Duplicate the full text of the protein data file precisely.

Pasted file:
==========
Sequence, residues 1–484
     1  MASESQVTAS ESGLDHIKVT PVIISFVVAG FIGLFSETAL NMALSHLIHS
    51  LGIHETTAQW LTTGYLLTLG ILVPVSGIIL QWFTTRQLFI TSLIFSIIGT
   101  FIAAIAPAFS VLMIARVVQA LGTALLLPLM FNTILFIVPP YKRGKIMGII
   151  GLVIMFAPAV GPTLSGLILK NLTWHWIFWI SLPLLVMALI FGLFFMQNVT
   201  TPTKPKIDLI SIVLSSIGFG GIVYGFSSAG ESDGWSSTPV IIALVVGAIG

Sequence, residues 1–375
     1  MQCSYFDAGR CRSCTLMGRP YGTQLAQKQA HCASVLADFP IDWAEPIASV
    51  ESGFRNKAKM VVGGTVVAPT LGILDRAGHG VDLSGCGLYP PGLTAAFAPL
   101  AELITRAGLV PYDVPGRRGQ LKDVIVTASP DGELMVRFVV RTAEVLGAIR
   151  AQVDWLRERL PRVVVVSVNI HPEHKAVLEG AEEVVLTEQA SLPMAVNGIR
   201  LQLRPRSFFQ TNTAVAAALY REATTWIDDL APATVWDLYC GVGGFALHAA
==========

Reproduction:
Sequence, residues 1–484
     1  MASESQVTAS ESGLDHIKVT PVIISFVVAG FIGLFSETAL NMALSHLIHS
    51  LGIHETTAQW LTTGYLLTLG ILVPVSGIIL QWFTTRQLFI TSLIFSIIGT
   101  FIAAIAPAFS VLMIARVVQA LGTALLLPLM FNTILFIVPP YKRGKIMGII
   151  GLVIMFAPAV GPTLSGLILK NLTWHWIFWI SLPLLVMALI FGLFFMQNVT
   201  TPTKPKIDLI SIVLSSIGFG GIVYGFSSAG ESDGWSSTPV IIALVVGAIG

Sequence, residues 1–375
     1  MQCSYFDAGR CRSCTLMGRP YGTQLAQKQA HCASVLADFP IDWAEPIASV
    51  ESGFRNKAKM VVGGTVVAPT LGILDRAGHG VDLSGCGLYP PGLTAAFAPL
   101  AELITRAGLV PYDVPGRRGQ LKDVIVTASP DGELMVRFVV RTAEVLGAIR
   151  AQVDWLRERL PRVVVVSVNI HPEHKAVLEG AEEVVLTEQA SLPMAVNGIR
   201  LQLRPRSFFQ TNTAVAAALY REATTWIDDL APATVWDLYC GVGGFALHAA